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Mac Bloggers Hail White MacBooks, Salute Apple TVs, Chuck iPhone Nanos

By Chris Maxcer MacNewsWorld ECT News Network
Jan 23, 2009 4:00 AM PT

There's a lot of news in the Apple-focused blogosphere this week, and picking the most interesting tidbits is quite a chore.

Mac Bloggers Hail White MacBooks, Salute Apple TVs, Chuck iPhone Nanos

In any event, Apple quietly upgraded its polycarbonate entry-level white MacBook, announced record profits and nixed the notion that Apple might introduce an "iPhone nano" anytime soon. Plus, the Apple TV "hobby" picked up some steam.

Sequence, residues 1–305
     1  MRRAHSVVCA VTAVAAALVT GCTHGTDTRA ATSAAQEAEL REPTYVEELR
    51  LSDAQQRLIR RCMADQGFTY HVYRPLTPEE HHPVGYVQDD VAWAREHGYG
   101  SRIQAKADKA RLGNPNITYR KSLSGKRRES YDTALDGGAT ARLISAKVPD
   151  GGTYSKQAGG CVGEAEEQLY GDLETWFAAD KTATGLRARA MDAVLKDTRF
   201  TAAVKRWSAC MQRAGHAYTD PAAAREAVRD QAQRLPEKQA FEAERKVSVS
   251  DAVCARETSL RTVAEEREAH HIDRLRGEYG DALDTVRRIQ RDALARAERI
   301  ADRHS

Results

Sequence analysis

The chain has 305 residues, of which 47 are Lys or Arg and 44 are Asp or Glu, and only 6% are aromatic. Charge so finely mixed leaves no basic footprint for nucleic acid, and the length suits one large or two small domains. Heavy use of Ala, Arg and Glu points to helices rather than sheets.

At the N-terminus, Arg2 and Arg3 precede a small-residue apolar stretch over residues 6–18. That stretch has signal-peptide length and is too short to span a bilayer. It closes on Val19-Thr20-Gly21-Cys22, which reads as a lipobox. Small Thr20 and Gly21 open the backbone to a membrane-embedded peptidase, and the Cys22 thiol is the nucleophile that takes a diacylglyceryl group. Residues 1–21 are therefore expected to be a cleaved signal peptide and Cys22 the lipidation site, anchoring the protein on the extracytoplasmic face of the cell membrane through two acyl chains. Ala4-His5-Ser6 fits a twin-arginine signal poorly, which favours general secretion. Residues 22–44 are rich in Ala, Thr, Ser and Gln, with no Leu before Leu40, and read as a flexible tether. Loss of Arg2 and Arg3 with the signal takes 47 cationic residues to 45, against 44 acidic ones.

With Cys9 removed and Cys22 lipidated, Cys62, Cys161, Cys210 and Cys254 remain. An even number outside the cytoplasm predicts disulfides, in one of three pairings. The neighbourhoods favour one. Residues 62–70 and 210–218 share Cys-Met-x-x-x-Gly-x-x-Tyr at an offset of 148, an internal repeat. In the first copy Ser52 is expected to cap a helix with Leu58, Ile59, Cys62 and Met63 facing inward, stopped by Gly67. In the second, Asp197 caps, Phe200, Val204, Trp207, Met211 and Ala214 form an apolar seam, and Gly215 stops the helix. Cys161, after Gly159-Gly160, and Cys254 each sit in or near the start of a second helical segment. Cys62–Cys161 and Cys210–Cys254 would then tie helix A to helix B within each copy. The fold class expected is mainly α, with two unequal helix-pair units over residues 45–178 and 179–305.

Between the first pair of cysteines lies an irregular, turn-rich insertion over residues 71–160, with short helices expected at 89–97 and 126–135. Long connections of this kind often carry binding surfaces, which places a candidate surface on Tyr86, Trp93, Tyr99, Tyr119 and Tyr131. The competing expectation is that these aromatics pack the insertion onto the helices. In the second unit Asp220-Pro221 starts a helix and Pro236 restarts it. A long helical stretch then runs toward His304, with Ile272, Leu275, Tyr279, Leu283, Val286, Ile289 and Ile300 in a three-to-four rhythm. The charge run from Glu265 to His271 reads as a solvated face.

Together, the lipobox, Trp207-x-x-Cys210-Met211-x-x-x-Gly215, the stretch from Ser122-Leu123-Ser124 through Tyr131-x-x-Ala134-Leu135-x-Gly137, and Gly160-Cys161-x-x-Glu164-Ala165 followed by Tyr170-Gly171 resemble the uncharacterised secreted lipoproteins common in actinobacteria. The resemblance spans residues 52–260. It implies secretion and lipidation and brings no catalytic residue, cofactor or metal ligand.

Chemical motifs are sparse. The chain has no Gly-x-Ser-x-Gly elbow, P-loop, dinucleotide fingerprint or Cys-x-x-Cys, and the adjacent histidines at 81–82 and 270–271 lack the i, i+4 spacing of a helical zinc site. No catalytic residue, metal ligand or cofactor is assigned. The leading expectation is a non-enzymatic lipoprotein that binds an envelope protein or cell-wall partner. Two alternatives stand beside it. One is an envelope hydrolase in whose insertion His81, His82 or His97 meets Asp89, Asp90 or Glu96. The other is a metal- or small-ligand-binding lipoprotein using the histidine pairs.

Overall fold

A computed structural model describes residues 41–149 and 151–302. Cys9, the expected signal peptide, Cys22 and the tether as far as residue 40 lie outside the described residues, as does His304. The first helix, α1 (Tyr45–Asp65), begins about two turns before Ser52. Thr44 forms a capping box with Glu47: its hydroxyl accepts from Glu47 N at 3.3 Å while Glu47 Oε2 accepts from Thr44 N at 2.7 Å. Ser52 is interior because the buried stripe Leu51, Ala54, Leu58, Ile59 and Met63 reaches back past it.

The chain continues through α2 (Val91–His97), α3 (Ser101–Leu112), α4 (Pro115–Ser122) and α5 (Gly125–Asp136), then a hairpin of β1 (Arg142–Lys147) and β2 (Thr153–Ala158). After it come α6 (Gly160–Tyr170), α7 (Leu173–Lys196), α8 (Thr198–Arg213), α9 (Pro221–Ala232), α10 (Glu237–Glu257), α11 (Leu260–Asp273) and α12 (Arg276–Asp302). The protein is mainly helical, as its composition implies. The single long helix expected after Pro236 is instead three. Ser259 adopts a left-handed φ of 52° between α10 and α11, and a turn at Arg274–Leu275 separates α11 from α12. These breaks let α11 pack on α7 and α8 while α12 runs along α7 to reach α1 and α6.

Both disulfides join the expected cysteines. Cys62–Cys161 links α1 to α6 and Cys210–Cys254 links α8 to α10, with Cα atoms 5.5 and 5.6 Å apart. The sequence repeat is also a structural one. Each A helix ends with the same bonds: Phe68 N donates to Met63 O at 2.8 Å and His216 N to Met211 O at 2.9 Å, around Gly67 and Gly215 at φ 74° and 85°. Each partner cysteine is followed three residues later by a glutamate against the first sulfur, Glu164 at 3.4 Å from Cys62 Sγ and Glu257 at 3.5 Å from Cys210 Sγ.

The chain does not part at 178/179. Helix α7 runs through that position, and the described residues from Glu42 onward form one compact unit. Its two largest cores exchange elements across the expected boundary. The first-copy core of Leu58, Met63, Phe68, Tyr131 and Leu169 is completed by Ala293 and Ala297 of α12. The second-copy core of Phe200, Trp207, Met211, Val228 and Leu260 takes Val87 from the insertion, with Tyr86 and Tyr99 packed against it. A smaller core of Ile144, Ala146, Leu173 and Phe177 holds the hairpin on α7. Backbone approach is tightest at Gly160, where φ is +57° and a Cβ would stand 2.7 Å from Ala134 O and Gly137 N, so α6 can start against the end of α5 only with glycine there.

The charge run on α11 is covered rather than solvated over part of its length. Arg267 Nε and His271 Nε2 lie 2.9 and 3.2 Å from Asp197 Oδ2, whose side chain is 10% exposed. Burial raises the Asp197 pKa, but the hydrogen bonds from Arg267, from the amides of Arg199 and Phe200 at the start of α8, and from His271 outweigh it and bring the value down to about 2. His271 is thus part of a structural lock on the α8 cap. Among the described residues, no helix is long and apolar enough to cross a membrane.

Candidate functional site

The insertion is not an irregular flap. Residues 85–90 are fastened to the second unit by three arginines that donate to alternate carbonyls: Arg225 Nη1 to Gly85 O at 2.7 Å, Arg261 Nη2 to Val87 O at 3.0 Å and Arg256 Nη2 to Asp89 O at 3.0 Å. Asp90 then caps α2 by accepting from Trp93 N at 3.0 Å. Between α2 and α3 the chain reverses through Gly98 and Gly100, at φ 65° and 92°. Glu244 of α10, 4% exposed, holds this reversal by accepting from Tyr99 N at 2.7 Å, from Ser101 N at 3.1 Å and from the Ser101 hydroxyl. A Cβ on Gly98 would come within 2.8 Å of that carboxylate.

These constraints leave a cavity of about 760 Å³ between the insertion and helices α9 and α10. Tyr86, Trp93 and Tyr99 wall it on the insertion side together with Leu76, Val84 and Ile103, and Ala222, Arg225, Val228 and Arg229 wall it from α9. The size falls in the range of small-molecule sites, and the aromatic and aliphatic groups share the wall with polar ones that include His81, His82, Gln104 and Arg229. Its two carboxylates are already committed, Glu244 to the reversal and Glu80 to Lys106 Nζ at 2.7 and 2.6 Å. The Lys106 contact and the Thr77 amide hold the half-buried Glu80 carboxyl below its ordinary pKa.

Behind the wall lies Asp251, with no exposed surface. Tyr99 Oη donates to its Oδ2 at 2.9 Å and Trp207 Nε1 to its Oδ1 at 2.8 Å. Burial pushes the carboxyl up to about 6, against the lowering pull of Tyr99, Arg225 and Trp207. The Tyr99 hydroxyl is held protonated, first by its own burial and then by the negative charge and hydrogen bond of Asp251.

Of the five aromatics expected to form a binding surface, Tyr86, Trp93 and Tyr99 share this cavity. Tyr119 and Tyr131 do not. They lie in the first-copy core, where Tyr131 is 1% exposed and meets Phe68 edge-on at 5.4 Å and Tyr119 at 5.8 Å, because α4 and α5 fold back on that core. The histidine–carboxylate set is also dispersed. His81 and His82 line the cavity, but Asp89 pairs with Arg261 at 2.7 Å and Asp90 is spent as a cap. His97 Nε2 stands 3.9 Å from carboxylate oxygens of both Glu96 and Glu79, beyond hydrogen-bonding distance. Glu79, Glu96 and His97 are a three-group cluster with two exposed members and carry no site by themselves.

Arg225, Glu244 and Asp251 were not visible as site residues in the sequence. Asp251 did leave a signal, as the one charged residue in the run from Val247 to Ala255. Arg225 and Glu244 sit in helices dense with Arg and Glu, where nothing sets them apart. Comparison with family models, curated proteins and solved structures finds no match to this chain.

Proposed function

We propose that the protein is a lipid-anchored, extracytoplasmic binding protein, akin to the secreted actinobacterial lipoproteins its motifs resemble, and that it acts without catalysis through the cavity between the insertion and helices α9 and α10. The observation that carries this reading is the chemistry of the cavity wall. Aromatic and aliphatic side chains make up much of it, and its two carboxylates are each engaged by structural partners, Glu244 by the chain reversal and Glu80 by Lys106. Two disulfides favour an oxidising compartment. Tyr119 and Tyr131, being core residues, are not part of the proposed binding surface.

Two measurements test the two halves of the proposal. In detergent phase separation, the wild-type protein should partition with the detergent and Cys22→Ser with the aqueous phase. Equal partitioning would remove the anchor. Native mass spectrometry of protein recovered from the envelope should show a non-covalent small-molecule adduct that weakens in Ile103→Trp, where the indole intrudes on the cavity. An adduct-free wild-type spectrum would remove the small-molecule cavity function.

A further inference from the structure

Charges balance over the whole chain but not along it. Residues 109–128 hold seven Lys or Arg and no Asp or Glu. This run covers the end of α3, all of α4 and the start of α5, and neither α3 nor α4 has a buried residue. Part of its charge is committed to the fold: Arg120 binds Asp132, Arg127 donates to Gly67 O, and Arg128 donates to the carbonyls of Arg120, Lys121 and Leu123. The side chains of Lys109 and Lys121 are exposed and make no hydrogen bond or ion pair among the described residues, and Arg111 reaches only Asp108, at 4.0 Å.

Long Live the Whitebook

When Apple announced its new unibody aluminum MacBook and MacBook Pro line in October, most everyone seemed to think the white old-school MacBook simply gave Apple a sub-US$1,000 notebook it could sell out and allow to fade away. Surprisingly, though, the company instead upgraded it. Apple added the Nvidia GeForce 9400M graphics processor -- which is already in its more powerful siblings -- bumped the default RAM to 2 GB, and beefed up the frontside bus from 866 MHz to 1,066 MHz. The 2.1 GHz Intel Core 2 Duo processor slipped to 2.0 GHz, most likely so that the white MacBook shares the same guts as the low-end unibody version. Bluetooth also hopped to version 2.1.

Obviously, all the major Apple-focused blogs picked up on the news, but TheAppleBlog's Tom Reestman jumped into the nitty-gritty: comparing the new white MacBook to the aluminum unibody MacBook.